The algae are forming due to the light coming in contact with the standing water in your table corners. Try and cover this some how. Fill it with clay pellets or a piece of white poly but somehow block the light from coming in contact with the standing water. Algae are bad and are a breeding ground for fungus gnats.

If the fertilizer is granular (dry) then this is very common and is usually caused by a protective coating that is applied to it while being manufactured. If you are using liquid fertilizer and clouding still occurs on a regular basis you should contact the manufacturer of the fertilizer and find out why. Make sure you mix your fertilizer in the specified order. Often times manufacturers require there fertilizer be mixed in a certain order.

No it is not needed this young in the plants early stage. At this stage there will be hardly any organic matter for the h202 to attack therefore it will attack fragile little root hairs. Older root systems are stronger and more resistant to h202 damage unless extremely high doses occur.

Just add water until PPM reaches desired level. Only do this once. After one time the nutrient tank should be drained and replaced with a fresh new mixture. Always monitor your nutrient solution for drastic changes in ppm.

In the bloom stage the plants use allot of potassium which naturally acidifies the nutrient solution.

Certain types of Styrofoam and polystyrene can have toxicity problems with plants. Certain type’s work fine for growers and I will do more research into which ones work okay. Commercial lettuce operations are often run in Styrofoam. I will definitely get back to you on this one. Great question!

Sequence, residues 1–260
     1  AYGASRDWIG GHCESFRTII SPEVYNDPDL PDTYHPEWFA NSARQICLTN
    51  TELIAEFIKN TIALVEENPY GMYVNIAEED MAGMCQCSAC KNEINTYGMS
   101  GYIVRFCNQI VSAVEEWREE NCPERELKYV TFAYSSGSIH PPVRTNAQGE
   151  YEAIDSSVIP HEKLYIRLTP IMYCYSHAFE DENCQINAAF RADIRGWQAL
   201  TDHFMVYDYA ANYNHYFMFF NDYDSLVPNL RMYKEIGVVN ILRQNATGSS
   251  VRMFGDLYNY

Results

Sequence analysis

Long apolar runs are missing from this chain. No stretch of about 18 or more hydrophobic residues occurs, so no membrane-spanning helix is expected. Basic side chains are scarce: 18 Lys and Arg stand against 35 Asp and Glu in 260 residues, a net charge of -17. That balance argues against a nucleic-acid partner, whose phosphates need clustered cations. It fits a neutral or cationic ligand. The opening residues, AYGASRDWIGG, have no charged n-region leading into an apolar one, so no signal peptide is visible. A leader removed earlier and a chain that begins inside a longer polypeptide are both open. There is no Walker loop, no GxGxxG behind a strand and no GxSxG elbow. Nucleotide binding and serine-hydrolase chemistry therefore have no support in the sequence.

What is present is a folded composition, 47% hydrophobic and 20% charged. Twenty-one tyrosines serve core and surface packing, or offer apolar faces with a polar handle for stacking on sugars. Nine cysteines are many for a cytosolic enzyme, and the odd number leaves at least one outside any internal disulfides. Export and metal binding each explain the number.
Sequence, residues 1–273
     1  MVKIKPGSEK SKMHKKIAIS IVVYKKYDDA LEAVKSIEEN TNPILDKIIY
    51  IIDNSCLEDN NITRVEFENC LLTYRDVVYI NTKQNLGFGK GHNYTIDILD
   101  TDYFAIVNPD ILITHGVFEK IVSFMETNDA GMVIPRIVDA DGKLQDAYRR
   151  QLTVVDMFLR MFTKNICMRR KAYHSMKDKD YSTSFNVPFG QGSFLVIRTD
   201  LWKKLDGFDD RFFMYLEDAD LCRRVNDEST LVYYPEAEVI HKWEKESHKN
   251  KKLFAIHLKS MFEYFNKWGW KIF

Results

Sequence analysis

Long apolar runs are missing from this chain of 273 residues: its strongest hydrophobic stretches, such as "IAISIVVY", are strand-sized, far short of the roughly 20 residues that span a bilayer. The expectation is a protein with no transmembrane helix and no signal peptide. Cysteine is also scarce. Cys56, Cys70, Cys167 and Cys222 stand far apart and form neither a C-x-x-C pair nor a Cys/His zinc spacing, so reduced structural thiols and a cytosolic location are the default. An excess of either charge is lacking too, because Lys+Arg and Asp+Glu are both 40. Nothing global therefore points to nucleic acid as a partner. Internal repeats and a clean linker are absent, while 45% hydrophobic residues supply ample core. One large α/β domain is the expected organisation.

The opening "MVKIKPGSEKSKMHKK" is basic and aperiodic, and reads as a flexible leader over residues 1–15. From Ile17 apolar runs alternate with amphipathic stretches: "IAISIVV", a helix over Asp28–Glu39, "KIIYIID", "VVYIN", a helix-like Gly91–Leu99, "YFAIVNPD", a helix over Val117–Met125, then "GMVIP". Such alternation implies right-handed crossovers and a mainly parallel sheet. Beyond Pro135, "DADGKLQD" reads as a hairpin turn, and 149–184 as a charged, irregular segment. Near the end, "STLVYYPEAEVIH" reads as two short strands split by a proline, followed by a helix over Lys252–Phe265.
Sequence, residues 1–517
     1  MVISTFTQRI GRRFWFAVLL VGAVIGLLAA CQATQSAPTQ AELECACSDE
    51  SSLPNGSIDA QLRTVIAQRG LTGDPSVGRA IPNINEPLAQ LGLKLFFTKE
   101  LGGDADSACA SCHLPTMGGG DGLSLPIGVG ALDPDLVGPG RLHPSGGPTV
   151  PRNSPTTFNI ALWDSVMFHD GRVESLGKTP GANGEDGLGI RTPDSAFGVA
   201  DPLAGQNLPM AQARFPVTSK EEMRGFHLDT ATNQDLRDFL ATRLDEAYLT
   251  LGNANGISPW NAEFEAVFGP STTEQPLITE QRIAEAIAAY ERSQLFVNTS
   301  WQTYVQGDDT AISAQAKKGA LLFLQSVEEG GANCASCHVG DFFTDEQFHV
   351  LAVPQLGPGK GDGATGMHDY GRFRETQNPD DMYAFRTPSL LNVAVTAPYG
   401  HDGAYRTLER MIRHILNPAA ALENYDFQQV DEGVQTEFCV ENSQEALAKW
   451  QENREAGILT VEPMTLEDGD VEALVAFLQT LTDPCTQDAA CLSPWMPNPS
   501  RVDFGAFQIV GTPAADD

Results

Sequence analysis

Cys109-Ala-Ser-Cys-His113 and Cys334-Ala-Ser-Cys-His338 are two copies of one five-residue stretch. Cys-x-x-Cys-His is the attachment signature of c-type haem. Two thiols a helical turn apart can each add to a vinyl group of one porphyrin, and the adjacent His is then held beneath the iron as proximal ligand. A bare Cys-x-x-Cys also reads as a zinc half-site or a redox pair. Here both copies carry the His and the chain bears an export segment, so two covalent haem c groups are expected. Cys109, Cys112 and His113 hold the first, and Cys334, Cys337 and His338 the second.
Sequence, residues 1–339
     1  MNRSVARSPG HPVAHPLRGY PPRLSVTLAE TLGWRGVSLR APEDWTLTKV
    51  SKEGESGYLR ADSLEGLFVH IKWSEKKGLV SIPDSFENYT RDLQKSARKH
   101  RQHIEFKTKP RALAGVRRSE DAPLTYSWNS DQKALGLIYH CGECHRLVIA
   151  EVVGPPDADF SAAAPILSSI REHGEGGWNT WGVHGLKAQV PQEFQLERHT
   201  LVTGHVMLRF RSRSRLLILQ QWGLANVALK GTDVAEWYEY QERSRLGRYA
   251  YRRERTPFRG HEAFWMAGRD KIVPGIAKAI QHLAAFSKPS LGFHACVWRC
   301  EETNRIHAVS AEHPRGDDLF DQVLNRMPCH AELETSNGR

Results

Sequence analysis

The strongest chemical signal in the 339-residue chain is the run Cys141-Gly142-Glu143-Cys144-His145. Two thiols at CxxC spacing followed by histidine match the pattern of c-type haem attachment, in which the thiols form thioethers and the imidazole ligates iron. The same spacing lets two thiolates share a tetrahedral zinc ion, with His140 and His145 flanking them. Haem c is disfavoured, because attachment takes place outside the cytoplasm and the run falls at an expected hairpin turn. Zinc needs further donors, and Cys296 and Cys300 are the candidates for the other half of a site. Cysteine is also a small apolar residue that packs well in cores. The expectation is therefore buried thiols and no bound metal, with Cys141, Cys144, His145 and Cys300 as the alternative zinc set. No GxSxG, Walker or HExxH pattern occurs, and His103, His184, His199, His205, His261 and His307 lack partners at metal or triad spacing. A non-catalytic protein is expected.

Nutrient film Technique. It works by running a thin film of nutrient solution over the plants root system usually in a flood or trough system. This very old method and is very effective for high yields.

First thing is to get your reservoir out of to your grow room or as far away from the lights as possible. If you can possibly dig a whole deep in the ground and drop your reservoir beneath surface level this will also help allot. A cheap but real pain in the ass method is to freeze 2 liter bottles of water and constantly add one to the reservoir because they will only last a couple of hours. If you want to go high tech then you can invest in a reservoir chiller that will cool your nutrient solution by running it through refrigerated coils set by thermostat. Unfortunately these units are costly but are worth every penny when temperatures get too high. If the temperature in your reservoir gets too hot growth rate will slow immediately and you will see the effects very quickly. High reservoir temperatures leave the nutrient solution prone to disease and fungal attacks. Keep the nutrient solution between 55-66F for optimal growth.